Antipole cruises

Peace in the Markermeer

We escaped from the chaos of Sixhaven on Wednesday. The wind was strongish but do-able and we had a lovely run goose-winged with two reefs down out into the Markermeer, and then round the northern tip of Marken and back to the island’s harbour. Here the wind had strengthened to Force 7 and we were head into it in a narrow channel, so some help from the engine was appreciated.

Marken is a gem, and, despite the high season, surprisingly quiet. It dates back to monastic times, but has mainly been a fishing community. We are moored in the little harbour (below left), which is surrounded by wooden houses painted dark green with white stripes between the planks. Many of the houses here are built on stilts to keep them above the floods (below middle), which were a regular occurrence. But since the completion of the Afsluitdijk, this is hopefully a hazard of the past, so the under-part of the houses have been in-filled with storage, utility or workshop space, or sometimes living accommodation.

Marken retains many characteristics of the past, and traditional costume is still worn on high days and holidays. We visited the little museum and were surprised to learn about the intricacies of the costume. As well as gender differences, it is different for each age – baby, infant, child, youngster and adult. And each age has versions for mourning, half-mourning and not-mourning. Even a layette for an expected baby contained mourning, half-mourning and not-mourning clothes, as well as burial clothing in case of need.  We presume that in an island community, just about everybody is related to some bereavement or other, and there must have been strict protocols about how you should be addressed or what you should or should not do. The dress must have codified this and kept all in order. It was, and perhaps still is a traditional society. Ynskje’s Aunt Joke told us of visiting a some years back and finding a leaflet on her car saying You are welcome to visit here – but not on a Sunday.

Car? Yes – Marken is joined to the mainland by a causeway and is no longer technically an island, even if it feels like it.  So visitors roll in by the coach-load during the day, but it remains quiet at the beginning and end of the day.

We were visited here by Yvonne, Frits and Anne, and this time they brought Ynskje’s Aunt Joke with them.  Anne stayed on with us for two days.  On Friday the three of us cycled over the causeway to visit Monnickendam, a very pleasant town, before going on to Edam.  Edam is a delight, full of surprises and relatively quiet.  Apart from the famous cheese market, it has an interesting raised meeting place over what was once a lock.  If I understand it correctly, when the lock was built there was some opposition as it reduced the flow in the canal and led to silting up.  The lock was attacked several times.  The solution was to build a cover over it, which now also forms a kind of raised town square and meeting place, complete with seats.  The photo below left shows the covered lock, the middle one is on the cover and right shows a meeting place – with Anne & Ynskje.  Second row, some views of Edam.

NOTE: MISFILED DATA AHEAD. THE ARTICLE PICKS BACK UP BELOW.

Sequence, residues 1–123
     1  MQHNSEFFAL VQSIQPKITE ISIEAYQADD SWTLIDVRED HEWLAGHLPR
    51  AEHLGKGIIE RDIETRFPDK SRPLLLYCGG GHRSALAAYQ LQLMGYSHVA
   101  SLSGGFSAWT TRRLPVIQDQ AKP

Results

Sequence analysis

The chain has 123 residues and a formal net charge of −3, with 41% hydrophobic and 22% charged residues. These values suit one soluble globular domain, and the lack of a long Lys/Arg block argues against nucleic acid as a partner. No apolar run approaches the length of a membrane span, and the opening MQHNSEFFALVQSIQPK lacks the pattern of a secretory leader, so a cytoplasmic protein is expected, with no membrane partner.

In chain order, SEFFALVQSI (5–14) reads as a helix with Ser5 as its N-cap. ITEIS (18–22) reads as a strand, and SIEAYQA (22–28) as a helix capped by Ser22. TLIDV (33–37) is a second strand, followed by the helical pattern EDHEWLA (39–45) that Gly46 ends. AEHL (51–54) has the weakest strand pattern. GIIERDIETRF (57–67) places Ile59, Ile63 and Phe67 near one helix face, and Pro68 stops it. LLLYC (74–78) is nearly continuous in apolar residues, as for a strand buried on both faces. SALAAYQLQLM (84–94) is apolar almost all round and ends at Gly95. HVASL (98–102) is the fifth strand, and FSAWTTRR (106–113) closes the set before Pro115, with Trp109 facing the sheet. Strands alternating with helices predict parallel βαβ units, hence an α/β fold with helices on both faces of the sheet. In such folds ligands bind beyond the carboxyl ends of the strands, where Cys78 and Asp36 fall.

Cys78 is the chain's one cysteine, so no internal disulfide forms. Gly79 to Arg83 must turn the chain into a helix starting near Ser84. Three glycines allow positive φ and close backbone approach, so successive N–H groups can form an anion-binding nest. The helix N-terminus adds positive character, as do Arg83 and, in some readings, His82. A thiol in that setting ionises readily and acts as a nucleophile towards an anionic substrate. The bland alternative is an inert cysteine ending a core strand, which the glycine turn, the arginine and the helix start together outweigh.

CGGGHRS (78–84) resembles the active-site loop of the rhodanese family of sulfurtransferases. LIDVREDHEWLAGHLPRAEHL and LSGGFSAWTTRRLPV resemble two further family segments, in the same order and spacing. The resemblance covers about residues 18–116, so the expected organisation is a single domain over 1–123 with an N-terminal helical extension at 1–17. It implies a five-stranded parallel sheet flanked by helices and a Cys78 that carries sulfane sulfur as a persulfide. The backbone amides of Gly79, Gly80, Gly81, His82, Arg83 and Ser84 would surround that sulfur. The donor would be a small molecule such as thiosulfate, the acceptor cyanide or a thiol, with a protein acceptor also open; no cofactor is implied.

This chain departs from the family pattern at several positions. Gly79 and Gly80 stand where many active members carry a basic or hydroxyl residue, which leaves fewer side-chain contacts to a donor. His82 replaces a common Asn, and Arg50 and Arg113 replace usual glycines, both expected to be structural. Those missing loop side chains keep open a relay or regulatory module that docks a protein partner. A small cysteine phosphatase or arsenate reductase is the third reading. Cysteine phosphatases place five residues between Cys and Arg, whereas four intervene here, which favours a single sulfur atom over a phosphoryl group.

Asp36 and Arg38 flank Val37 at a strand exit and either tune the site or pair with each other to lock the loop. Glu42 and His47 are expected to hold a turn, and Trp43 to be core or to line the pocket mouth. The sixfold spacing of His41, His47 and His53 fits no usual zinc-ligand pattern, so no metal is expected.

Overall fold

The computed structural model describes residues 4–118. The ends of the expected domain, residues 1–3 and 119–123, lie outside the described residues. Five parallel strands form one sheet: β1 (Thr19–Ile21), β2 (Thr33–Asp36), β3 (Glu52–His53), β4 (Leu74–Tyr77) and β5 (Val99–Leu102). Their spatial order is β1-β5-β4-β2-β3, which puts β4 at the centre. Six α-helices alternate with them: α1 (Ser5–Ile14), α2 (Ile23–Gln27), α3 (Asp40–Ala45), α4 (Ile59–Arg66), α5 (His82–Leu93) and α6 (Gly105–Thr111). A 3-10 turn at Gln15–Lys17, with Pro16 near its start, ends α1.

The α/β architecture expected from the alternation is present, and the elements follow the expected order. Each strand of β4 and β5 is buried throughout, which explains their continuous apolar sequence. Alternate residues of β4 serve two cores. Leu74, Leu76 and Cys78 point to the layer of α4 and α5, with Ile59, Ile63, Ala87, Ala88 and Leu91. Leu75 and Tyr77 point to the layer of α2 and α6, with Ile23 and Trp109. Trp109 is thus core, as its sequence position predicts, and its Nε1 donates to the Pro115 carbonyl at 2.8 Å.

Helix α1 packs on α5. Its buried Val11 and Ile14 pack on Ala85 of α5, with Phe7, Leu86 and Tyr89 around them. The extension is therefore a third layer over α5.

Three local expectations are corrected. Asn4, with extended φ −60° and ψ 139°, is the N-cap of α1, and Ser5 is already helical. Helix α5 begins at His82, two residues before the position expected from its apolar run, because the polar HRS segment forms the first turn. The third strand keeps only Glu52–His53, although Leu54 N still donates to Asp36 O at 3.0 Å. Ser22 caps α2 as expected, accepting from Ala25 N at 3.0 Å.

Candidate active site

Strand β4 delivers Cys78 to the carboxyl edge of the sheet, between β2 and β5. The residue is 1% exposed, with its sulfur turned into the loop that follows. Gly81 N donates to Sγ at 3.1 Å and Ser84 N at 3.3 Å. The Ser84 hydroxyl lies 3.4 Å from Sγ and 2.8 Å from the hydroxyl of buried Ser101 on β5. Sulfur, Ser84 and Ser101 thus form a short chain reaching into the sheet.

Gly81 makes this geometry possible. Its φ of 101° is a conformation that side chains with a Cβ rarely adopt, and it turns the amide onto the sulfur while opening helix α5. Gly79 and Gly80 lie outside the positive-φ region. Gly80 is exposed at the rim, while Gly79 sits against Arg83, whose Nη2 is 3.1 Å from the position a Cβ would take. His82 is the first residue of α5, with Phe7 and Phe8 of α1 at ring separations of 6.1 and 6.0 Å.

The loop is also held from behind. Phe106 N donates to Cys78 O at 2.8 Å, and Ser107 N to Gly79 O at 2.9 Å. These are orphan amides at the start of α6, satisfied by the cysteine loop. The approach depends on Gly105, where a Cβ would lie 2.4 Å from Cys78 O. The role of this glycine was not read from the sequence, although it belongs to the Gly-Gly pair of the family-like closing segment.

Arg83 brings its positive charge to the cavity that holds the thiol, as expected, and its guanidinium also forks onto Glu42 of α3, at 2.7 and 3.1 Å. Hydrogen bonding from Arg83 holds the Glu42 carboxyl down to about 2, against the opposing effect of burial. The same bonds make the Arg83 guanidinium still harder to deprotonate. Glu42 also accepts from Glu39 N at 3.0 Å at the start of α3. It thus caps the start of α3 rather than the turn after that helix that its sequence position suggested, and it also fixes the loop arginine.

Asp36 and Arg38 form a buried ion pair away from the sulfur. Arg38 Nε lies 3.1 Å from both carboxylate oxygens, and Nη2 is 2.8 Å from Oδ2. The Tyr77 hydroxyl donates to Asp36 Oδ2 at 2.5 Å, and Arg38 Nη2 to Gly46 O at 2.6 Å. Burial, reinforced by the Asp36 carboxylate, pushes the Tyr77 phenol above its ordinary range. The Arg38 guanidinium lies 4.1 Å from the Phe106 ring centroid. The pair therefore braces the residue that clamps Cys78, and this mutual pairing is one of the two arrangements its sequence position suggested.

We cycled back along the dyke via Volendam, which is famed as a tourist draw.  We saw nothing but harbour-front tourist shops.  So thick was it with tourists that we were more or less unable to cycle through. So we were very glad to return across the causeway to Marken, where we enjoyed a meal out overlooking the harbour and sea.

We now plan to visit Elburg and Trees & Ton this coming week, so we can be back on the west coast of the Markermeer when Ynskje’s daughter Sarah visits at the beginning of August, as there are better rail connections – see the Cruise Plans section for details.

3 thoughts on “Peace in the Markermeer

  1. Alison

    Great to have news & pictures of the latest part of your trip, also to chat today. Much love to you both, from both of us.


Leave a Reply

Your email address will not be published. Required fields are marked *

This site uses Akismet to reduce spam. Learn how your comment data is processed.